Ana Mari Cauce, The University of Washington: Separating Children from their Families is Cruel: The Evidence is Clear.
Speaking as a trained child clinical psychologist, Cauce cited decades of research about the trauma induced as a consequence of parent-child separation. In a presidential statement, she called on the country’s leaders to stop the practice of separating children from their asylum-seeking parents at the border:
“This cruel and inhumane new standard policy of enforcement at our borders should be swiftly rescinded or legislatively corrected. And I urge our lawmakers to pass legislation preventing this cruel practice from ever happening to children and families again. As educators, our obligations are to the future, and there is no question that if we allow this practice to continue, we will find ourselves on the wrong side of history. The time to speak and act is now.”
John Hurley, Canisius College: Letter on the Catholic Church clergy abuse scandal
In a strongly worded letter to the Jesuit college campus and its alumni, Hurley spoke out against the Catholic Church’s handling of the clergy abuse scandal and its marginalization of women. He called for transparency and vigilance, justice and care.
“It is clear that the path forward for the Church must include women in real, significant and substantial positions of leadership…Fully repairing the pain that so many have endured may never be possible, but we must continuously love, comfort and protect the students, faculty, staff and alumni of Canisius, resolve to seek justice, and care for one another, especially the oppressed, and victims of abuse and neglect.”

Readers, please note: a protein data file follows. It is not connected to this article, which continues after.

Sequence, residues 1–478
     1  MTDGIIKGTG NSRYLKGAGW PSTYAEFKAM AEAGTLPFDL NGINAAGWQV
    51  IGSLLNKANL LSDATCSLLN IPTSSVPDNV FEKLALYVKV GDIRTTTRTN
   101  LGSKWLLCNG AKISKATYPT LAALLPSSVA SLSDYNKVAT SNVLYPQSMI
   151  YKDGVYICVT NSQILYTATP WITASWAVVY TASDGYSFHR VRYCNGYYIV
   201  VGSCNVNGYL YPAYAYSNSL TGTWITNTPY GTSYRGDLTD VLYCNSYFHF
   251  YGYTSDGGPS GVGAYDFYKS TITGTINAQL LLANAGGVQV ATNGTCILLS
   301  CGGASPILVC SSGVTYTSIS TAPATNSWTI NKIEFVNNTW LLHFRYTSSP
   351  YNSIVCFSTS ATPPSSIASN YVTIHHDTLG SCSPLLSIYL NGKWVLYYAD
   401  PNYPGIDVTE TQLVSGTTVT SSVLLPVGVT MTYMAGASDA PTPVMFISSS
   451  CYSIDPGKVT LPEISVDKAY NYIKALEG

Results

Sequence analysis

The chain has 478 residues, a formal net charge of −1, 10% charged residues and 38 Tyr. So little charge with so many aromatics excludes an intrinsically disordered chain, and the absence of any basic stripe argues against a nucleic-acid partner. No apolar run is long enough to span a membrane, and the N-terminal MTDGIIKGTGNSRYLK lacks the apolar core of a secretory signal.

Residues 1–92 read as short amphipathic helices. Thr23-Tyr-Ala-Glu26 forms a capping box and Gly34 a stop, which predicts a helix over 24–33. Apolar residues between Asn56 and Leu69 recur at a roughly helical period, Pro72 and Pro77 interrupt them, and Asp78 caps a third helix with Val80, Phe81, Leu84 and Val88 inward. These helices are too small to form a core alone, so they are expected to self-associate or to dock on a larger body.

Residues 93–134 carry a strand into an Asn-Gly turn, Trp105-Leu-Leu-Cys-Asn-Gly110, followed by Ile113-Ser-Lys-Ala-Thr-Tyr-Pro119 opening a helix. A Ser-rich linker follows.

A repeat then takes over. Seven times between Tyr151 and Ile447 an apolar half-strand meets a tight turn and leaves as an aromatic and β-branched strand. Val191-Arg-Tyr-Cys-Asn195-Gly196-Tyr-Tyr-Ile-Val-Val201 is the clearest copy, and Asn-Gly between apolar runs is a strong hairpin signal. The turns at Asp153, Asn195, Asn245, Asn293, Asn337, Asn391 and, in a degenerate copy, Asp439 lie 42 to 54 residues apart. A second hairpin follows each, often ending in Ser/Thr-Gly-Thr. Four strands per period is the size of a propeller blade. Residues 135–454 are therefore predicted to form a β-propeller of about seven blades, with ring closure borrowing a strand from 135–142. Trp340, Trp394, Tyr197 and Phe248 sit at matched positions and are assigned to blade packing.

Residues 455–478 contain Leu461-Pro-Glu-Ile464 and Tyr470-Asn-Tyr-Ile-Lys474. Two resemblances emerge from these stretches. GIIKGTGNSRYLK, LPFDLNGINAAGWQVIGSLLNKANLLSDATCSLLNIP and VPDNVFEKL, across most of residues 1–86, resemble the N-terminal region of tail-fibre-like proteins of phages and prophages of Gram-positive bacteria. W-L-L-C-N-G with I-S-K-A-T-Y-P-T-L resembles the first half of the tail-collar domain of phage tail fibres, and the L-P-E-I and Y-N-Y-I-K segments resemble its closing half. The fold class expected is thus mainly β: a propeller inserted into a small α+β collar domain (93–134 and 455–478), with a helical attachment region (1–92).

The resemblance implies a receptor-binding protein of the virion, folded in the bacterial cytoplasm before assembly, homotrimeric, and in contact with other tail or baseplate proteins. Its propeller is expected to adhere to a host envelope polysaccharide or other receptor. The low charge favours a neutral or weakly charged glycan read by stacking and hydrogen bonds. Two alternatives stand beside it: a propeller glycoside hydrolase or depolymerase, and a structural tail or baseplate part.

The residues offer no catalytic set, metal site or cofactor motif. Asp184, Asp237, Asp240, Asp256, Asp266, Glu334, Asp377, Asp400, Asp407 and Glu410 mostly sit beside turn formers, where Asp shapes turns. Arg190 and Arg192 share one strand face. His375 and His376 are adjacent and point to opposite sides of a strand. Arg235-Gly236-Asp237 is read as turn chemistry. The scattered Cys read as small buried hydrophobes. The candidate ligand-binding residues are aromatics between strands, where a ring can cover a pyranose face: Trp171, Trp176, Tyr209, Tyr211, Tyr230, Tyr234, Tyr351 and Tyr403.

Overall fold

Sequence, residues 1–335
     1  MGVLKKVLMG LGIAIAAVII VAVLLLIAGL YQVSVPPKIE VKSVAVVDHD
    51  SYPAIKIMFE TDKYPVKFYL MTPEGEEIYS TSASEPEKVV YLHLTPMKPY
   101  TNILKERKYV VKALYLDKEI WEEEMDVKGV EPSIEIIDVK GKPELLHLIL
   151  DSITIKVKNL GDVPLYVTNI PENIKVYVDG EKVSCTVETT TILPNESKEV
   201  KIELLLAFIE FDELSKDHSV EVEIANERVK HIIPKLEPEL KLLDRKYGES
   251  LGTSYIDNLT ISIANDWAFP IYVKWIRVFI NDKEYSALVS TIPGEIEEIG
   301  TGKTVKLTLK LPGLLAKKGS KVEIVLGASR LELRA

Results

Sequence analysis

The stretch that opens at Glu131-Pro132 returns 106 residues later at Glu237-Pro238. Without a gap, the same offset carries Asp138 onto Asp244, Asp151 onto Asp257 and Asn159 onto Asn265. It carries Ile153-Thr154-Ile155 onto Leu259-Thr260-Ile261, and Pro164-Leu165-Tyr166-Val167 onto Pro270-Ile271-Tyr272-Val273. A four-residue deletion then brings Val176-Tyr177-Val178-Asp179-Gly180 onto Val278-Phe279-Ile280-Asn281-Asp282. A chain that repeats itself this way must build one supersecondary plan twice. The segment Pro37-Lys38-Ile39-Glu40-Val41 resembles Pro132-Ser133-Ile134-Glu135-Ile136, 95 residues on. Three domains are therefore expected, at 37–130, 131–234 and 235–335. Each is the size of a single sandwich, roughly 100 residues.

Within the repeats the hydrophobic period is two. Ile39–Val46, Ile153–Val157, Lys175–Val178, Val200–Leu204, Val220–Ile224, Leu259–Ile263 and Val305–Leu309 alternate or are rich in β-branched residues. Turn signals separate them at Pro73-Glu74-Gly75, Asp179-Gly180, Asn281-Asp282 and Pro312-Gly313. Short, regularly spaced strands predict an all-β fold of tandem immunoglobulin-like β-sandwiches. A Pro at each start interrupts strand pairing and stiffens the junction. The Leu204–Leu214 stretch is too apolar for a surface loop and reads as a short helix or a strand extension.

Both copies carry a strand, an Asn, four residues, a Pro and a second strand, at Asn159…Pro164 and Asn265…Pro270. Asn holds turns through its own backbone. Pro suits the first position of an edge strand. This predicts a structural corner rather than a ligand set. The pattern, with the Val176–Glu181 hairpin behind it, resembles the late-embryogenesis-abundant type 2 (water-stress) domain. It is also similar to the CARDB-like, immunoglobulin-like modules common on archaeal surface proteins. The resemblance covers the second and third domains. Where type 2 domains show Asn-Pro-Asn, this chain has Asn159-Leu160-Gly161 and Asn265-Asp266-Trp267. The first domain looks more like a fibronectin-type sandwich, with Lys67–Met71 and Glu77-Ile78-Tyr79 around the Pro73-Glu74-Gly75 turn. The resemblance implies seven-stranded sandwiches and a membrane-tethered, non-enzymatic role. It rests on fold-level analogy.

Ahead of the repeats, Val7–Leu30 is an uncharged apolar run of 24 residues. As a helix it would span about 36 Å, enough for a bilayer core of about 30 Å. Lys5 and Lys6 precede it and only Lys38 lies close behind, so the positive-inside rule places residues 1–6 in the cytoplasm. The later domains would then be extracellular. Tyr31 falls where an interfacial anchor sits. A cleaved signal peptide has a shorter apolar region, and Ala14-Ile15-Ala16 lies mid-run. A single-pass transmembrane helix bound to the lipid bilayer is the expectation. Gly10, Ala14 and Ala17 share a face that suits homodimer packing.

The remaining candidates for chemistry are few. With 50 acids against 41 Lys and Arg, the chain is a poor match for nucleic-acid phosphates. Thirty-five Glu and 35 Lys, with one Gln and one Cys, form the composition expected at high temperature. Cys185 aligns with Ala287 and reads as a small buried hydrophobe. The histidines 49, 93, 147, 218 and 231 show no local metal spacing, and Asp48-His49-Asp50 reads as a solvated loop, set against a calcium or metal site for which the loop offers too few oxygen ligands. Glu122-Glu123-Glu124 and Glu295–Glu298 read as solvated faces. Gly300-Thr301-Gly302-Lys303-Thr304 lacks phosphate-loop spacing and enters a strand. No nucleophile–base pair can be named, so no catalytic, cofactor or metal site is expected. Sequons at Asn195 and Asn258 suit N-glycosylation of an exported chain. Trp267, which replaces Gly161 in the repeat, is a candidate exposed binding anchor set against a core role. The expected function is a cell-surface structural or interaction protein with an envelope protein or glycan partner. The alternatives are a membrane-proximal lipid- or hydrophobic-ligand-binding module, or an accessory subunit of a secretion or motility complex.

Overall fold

Mary Sue Coleman, Association of American Universities: International Talent is Vital to America’s Science and Technology Leadership Role
Coleman, representing the leading research universities in the country, used her blog to highlight examples of substantial scientific discovery and technological advances driven by international researchers on AAU campuses.
“This exchange is a good thing, a very good thing... It is critical that U.S. lawmakers enact policies that continue to attract and embrace the best and brightest from around the world. The long-term viability of our unique government-university research partnership and its future contributions to our nation’s prosperity and security depend on it.”
Discussing higher education challenges, issues and opportunities
Ronald Crutcher, University of Richmond: Defending the “Right to Be Here” on Campus